It is like wrestling with an illusory tiger; you take the creature to be real and respond with reactions you deem suitable to such an extreme existential situation. The more fiercely you struggle, the greater the misery and the wider the undesirable outcomes of your power strivings. This point of view already existed to some degree in the Hindu traditions that were the matrix out of which the Buddha emerged.
I make the point about the Buddha, first because it is close to being the most popular philosophical/spiritual method on the planet with a core initial starting point that has something in common with OM; secondly, only to indicate that here is a system that defines as the core problem the existence of a fundamental illusion to which all humans give allegiance. This system has gathered literally billions of adherents over the centuries, so it demonstrates that taking illusion as a point of departure does not vitiate your argument as it were.
Moving on to Bruce we see that he also begins with the assertion that humans have lived their lives enmeshed in a fundamental illusion: the belief in unhappiness. That belief has been the bedrock upon which all cultures have been built. So that the laws, customs, imperatives, strivings, struggles and conflicts have all poured forth from that illusory cornucopia of endless insoluble paradoxes. Just as the Buddha attempted to resolve all of the human problems by basically denying their existence, so too does Bruce get out from under all human problems by the same type of understanding. The difference here is that instead of declaring all of reality an illusion and making desire the instrument of the maintenance of that illusion, Bruce ratifies the existence of what is and merely reveals that access to what is, which is self realization of one’s “happiness nature” so to speak, is made enormously difficult through the belief in unhappiness.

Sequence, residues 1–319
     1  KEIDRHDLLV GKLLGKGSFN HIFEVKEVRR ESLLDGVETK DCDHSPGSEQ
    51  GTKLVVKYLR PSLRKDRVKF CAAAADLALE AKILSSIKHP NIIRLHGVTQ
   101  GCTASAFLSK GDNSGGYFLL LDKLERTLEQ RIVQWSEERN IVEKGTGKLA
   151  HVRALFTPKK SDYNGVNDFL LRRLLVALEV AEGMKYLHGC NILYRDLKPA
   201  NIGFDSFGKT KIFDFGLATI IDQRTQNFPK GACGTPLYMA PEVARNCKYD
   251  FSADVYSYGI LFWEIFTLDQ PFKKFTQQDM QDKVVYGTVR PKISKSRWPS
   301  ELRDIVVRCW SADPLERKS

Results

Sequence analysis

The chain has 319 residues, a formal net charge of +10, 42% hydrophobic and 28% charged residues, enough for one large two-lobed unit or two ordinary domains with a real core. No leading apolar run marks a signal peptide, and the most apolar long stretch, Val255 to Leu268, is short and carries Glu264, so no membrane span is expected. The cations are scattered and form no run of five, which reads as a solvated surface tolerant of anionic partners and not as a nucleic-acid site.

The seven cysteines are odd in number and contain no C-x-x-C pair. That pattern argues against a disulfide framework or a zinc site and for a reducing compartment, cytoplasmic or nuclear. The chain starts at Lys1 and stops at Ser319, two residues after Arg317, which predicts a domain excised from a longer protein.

The Connection between Desire and Will